Retail therapy feels even better in the pleasant outdoor setting of the Tanger Outlets in Deer Park and Riverhead. Aside from great deals on designer brands, they also have places to eat, occasional special events and both locations have a movie theater, so it’s fun for the whole family.
Get in touch with nature at one of Long Island’s campgrounds. Consider on one of these:
Hither Hills State Park, Montauk – A 189-site campground at Hither Hills State Park on the ocean that offers a beach as well as scenic picnic areas, fireplaces, sport fishing, bridle paths and hiking, nature and biking trails. The unique “walking dunes” of Napeague Harbor are a highlight of the park.
Wildwood State Park Campground, Wading River – 600 acres of undeveloped forest that ends on a high bluff overlooking Long Island Sound. In addition to swimming and fishing in the Sounds, visitors have access to a picnic area, playground and hiking trails.
Smith Point County Park Campground, Shirley – Suffolk County’s largest oceanfront park. A popular spot for residents and tourists alike during the summer season, the park has a beach that’s great for surfing and fishing, showers, a playground, food concessions and special events. Campsites (reservations required) and outer beach camping are available (first come, first served).
Watch Hill Marina and Campground, Fire Island – Campgrounds, including 26 sand sites are in a protected area behind the dunes just a short walk to the beach. The facilities include running water, picnic tables, grills, showers and bathrooms.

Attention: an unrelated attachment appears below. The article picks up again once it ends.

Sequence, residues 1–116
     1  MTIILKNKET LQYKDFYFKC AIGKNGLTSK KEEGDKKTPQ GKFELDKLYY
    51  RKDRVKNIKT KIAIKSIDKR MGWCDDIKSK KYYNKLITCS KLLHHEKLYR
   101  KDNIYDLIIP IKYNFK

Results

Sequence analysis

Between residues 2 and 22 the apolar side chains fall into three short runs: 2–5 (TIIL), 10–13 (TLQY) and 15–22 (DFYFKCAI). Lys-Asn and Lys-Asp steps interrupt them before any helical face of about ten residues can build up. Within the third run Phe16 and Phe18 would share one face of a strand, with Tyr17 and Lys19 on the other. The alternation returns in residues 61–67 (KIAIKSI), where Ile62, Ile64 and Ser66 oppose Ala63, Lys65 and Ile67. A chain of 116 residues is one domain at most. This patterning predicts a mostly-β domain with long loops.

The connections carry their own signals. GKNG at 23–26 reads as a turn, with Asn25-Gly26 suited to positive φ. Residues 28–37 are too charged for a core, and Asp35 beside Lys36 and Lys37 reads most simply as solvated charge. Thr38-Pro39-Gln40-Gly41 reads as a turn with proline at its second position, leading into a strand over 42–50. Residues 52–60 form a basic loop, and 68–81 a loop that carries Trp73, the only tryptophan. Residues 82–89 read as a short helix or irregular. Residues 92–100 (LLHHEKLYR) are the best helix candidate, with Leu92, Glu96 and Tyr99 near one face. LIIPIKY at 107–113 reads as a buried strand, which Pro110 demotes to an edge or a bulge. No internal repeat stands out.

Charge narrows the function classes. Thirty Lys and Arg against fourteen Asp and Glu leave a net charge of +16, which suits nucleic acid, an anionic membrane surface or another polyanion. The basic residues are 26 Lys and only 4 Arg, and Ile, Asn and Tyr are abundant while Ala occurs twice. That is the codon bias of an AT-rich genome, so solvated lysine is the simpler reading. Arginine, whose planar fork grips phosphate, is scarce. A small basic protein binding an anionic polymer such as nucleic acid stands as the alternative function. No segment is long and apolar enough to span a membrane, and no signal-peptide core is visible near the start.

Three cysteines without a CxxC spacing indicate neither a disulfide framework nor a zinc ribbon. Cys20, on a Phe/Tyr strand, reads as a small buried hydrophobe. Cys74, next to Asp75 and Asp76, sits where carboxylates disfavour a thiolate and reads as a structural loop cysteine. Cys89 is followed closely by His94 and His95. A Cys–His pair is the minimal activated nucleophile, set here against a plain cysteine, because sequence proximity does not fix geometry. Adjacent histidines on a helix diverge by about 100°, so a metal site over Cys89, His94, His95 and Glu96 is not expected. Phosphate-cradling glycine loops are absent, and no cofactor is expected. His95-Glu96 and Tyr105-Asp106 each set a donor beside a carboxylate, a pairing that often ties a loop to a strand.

Suffolk County Museums
Vanderbilt Museum, Centerport – Tour the waterfront mansion of William K. Vanderbilt and explore the museum, which includes the thousands of marine, bird and insect specimens that he collected during his oceanic expeditions and trips around the world. Don’t miss the planetarium.
Heckscher Museum of Art, Huntington – The museum’s permanent collection includes 15-20th century American and European paintings, presented alongside limited time exhibitions and various programs, lectures and events.
Cold Spring Harbor Whaling Museum – Located in Cold Spring Harbor, which was a whaling port in the 19th Century. Highlights include a scrimshaw collection, ship models, artifacts and tools used by whalers, and New York State’s only fully-equipped 19th century whaleboat with original gear.
The Long Island Aquarium
Among numerous indoor and outdoor exhibits of marine and other wildlife, the Long Island Aquarium in Riverhead boasts a massive coral reef display, shark tank and year-round sea lion shows. The fairly small size of the Atlantis-themed aquarium allows for lots of up-close-and-personal experiences, including touch tanks and other interactive encounters such as sea lion selfies and penguin meet and greets. On a nice day, the 90 minute Atlantis Explorer Boat Tour down the Peconic River is a relaxing and educational trip.
Spend a Day in Port Jeff
And we can’t leave out a day in Port Jefferson. With a variety of restaurants (Old Fields, The Pie, The Fifth Season), fun food stops (Toast Coffee House, The Secret Garden Tea Room, Sweet n’ Savory Creperie Crepe and Rice Pudding Bar), unique shops and popular retail stores, it’s no wonder that this waterfront village is a summer hotspot. From here, you can also take the ferry to Connecticut.
What are your favorite things to do on Long Island in the summer? Share them in the comments!This post was originally published in 2017 and has been updated.